Could ketamine help reduce opioid use in emergency rooms?
Thursday, September 13, 2018
As opioid abuse continues to make headlines across the nation, medical researchers are busy looking at different, safer ways to treat patients who present with acute pain.
A recent study in the journal Academic Emergency Medicine compares the analgesic effect of the drug ketamine to opioids in an emergency room setting. The conclusion? Ketamine could be a useful, safe alternative in many cases.
It has long been accepted by the medical community that opioids, such as morphine, are an effective way to treat acute pain. However, with the growing opioid epidemic now reaching alarming levels in the U.S. and abroad, alternative treatments must be explored.
There are a number of reasons to consider alternative analgesics for the treatment of acute pain in the emergency room. They include:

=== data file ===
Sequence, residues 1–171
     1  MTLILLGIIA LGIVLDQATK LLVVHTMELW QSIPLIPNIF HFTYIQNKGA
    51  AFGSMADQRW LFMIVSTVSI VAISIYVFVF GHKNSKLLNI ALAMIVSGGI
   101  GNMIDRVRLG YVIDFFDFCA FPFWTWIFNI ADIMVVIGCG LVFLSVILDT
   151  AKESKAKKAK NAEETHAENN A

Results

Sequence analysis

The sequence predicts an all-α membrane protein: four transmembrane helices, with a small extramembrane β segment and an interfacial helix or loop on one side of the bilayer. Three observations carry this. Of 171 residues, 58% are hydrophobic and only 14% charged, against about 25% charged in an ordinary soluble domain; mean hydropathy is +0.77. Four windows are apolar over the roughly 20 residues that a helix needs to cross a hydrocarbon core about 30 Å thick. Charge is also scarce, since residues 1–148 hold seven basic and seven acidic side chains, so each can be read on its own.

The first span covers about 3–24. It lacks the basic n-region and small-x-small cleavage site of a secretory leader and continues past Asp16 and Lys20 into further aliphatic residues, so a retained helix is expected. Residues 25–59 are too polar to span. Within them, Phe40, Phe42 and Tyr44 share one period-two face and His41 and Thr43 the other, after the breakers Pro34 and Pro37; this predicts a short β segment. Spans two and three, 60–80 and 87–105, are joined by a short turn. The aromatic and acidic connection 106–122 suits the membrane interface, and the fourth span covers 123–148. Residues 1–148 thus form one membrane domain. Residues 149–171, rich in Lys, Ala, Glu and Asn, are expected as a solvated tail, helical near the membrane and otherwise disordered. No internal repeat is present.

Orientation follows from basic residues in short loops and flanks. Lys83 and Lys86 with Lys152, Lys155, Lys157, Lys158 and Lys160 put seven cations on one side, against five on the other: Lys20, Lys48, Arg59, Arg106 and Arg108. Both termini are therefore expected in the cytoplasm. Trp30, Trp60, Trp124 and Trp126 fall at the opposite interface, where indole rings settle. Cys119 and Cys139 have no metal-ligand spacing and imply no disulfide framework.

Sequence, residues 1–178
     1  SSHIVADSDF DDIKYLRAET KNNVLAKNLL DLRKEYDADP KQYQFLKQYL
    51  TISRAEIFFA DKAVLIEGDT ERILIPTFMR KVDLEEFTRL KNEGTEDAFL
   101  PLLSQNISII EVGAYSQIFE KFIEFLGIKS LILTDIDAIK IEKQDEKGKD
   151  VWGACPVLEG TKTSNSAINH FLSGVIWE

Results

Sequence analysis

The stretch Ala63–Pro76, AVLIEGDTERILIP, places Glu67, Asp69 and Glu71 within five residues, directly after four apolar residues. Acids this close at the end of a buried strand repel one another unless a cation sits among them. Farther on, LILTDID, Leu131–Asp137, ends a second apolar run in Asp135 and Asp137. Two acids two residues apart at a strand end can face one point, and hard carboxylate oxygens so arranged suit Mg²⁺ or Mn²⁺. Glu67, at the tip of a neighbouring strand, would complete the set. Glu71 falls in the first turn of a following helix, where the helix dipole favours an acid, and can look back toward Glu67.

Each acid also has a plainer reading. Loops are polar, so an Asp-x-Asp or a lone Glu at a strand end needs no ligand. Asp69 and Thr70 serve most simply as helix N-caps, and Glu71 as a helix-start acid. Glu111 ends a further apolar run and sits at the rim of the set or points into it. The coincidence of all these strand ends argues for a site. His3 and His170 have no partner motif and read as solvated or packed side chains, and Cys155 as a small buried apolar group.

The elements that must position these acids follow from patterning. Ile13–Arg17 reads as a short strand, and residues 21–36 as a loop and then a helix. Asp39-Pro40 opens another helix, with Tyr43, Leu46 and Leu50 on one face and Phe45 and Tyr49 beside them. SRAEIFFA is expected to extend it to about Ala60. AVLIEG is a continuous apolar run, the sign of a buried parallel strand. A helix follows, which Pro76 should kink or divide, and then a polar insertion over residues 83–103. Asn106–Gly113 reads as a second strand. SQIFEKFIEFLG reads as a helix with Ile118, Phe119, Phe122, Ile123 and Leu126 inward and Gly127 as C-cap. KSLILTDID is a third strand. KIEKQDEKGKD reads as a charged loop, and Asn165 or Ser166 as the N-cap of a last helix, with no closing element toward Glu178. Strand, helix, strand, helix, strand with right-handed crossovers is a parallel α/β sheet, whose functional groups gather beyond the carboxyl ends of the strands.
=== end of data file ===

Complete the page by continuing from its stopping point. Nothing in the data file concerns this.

- The potential for addiction
- Respiratory depression (particularly in older patients)
- Patients with certain cardiovascular issues are not good candidates
- Patients with seizure disorders are not good candidates
- Patients with substance use disorders are not good candidates
Most medical professionals agree that replacing opioids entirely is not necessary, but having other options available will be useful and will help reduce their overall usage.
Although ketamine has become somewhat infamous for its use as a recreational drug, it cannot be disputed that it is an effective anesthetic. Ketamine has been used in medical settings since its initial approval by the Food and Drug Administration (FDA) way back in 1970.
Despite ketamine's somewhat shady reputation, it is effective, relatively safe, and well-tolerated in most cases.
It is worth mentioning, however, that possible psychological effects can be disturbing for some patients. But perhaps most important to note; ketamine is not particularly addictive and does not cause respiratory depression in patients.
"Ketamine appears to be a legitimate and safe alternative to opioids for treating acute pain in the emergency department. Emergency physicians can feel comfortable using it instead of opioids," said senior study author Dr. Evan Schwarz.
Specific findings on the study mentioned were published in the journal Academic Emergency Medicine.
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